Dividend investing is a tried-and-true strategy for generating strong, steady returns in economies both good and bad. But as corporate America's slew of dividend cuts and suspensions over the past few years has demonstrated, it's not enough simply to buy a high yield. You also need to make sure those payouts are sustainable.
First and foremost, dividend investors like a large forward yield. But if a yield gets too high, it may reflect investors' doubts about the payout's sustainability. If investors had confidence in the stock, they'd be buying it, driving up the share price and shrinking the yield.
ADM yields 2.2%, a tad bit higher than the S&P 500's 2%.
2. Payout ratio
The payout ratio might be the most important metric for judging dividend sustainability. It compares the amount of money a company paid out in dividends last year to the earnings it generated. A ratio that's too high -- say, greater than 80% of earnings -- indicates that the company may be stretching to make payouts it can't afford, even when its dividend yield doesn't seem particularly high.
ADM has a modest payout ratio of 28%.
3. Balance sheet
The best dividend payers have the financial fortitude to fund growth and respond to whatever the economy and competitors throw at them. The interest coverage ratio indicates whether a company is having trouble meeting its interest payments -- any ratio less than five is a warning sign. Meanwhile, the debt-to-equity ratio is a good measure of a company's total debt burden.
ADM has a moderate debt-to-equity ratio of 51% and an interest coverage rate of five times.
A large dividend is nice; a large growing dividend is even better. To support a growing dividend, we also want to see earnings growth.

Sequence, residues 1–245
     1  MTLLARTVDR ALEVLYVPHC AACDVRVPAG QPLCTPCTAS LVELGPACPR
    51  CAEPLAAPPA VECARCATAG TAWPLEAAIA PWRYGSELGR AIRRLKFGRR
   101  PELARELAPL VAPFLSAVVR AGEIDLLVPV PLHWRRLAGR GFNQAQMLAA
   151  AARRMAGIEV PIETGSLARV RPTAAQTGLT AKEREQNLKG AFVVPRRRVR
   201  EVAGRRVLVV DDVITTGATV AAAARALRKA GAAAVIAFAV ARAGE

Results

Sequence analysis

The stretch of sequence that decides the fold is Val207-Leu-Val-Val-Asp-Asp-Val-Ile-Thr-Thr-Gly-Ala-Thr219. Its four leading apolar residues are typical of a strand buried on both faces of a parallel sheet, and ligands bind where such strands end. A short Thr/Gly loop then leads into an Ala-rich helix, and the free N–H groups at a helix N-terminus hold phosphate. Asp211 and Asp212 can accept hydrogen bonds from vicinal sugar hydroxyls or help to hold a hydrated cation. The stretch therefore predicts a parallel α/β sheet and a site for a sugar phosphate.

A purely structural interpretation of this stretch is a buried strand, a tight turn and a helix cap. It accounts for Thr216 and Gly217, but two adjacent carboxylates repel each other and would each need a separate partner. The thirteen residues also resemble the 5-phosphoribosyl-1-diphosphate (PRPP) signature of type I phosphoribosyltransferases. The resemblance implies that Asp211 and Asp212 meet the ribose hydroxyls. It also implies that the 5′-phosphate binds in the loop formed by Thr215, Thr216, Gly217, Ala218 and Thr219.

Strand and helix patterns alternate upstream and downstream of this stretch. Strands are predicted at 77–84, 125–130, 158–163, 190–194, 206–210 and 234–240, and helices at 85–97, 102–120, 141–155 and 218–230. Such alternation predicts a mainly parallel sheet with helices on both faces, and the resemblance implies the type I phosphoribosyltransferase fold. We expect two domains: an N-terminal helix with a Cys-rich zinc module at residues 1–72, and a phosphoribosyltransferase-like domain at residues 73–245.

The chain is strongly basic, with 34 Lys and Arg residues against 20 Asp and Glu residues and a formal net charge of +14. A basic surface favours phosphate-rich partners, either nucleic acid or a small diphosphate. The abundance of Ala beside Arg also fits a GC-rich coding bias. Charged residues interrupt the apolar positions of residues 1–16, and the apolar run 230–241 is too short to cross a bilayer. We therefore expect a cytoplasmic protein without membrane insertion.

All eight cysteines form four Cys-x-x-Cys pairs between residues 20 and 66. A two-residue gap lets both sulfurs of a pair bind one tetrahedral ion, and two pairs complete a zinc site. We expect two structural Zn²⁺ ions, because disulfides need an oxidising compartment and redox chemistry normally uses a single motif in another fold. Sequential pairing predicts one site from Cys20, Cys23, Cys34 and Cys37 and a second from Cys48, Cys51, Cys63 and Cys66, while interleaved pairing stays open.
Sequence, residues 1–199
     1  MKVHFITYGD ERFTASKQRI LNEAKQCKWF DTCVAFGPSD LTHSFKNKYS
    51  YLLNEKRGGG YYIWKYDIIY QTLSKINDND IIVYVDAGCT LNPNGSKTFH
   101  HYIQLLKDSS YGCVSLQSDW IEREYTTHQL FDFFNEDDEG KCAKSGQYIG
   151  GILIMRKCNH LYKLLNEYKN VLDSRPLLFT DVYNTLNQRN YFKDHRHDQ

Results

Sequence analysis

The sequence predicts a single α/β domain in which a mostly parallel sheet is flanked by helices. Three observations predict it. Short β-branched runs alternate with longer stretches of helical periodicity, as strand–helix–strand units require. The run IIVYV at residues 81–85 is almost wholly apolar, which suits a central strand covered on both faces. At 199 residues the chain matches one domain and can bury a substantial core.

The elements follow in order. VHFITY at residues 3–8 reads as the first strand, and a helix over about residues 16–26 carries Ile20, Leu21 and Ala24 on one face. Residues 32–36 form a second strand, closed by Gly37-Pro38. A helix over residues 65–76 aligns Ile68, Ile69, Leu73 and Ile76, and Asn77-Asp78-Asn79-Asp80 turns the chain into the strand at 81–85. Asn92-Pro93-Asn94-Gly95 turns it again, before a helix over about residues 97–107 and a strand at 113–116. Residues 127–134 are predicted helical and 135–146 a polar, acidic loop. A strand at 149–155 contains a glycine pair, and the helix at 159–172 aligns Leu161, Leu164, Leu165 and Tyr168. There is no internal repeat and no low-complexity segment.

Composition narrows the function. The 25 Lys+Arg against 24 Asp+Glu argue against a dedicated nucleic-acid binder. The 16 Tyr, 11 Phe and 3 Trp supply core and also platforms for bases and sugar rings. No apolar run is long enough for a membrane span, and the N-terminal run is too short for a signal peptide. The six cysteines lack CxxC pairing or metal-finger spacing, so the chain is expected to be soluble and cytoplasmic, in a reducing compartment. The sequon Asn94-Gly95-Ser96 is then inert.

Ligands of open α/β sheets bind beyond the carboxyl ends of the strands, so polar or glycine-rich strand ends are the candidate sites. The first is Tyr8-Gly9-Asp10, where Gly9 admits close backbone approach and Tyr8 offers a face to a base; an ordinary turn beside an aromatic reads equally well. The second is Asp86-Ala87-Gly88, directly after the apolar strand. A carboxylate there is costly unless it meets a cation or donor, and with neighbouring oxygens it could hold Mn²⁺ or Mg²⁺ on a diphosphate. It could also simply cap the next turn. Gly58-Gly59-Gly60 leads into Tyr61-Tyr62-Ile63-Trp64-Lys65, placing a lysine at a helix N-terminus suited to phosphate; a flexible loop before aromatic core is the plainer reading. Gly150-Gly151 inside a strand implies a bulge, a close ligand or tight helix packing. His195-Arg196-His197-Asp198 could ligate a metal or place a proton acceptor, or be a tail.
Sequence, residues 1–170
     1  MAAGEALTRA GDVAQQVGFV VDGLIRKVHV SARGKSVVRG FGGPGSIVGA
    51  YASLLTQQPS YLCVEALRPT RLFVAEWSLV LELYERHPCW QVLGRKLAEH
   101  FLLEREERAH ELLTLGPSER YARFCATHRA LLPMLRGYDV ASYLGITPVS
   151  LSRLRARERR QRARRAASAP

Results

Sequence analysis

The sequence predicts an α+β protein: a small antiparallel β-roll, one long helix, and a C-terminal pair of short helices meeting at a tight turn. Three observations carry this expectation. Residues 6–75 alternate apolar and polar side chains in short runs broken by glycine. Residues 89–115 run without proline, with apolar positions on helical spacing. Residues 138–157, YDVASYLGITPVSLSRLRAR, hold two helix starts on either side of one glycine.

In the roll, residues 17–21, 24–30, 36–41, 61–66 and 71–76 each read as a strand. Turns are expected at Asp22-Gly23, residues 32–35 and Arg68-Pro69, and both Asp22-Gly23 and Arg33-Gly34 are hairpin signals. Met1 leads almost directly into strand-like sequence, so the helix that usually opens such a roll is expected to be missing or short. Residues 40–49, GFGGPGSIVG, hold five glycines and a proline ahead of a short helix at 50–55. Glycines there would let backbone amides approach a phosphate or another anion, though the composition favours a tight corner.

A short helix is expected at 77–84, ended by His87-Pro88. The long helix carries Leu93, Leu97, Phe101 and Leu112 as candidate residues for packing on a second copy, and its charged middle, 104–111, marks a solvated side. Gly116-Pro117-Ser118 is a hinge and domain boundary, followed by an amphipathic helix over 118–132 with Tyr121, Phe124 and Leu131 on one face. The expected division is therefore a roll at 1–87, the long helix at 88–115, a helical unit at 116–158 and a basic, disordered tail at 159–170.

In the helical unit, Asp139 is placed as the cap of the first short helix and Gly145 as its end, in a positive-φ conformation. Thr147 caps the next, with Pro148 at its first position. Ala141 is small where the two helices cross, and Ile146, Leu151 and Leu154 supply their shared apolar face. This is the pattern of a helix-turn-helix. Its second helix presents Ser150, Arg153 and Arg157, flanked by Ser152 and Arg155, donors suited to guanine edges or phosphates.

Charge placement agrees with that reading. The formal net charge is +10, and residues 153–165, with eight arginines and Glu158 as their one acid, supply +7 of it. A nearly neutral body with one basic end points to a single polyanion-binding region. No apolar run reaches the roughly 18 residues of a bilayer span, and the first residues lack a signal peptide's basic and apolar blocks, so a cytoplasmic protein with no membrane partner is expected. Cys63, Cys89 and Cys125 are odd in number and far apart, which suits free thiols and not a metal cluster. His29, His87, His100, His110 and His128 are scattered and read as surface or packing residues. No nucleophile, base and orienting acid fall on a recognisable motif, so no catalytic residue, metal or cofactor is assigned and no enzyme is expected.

Over the past five years, ADM's earnings per share have shrunk at an average annual rate of 1% -- though some of that was because of recent restructuring charges -- while its dividend has grown at a 10% rate.
The Foolish bottom line
So is ADM a dividend dynamo? Not yet, since its yield and earnings growth could be a bit higher, though ADM could very well have what it takes to eventually become a dividend dynamo. It has a decent yield, a modest payout ratio, and manageable debt. Dividend investors will want to keep an eye on earnings growth and dividend growth, which should be able to continue growing in excess of the former because of that low payout ratio. However, if you're looking for some great dividend stocks, I suggest you check out "Secure Your Future With 11 Rock-Solid Dividend Stocks," a special report from The Motley Fool about some serious dividend dynamos. I invite you to grab a free copy to discover everything you need to know about these 11 generous dividend payers -- simply click here.
Ilan Moscovitz doesn't own shares of any company mentioned. Try any of our Foolish newsletter services free for 30 days. We Fools may not all hold the same opinions, but we all believe that considering a diverse range of insights makes us better investors. The Motley Fool has a disclosure policy.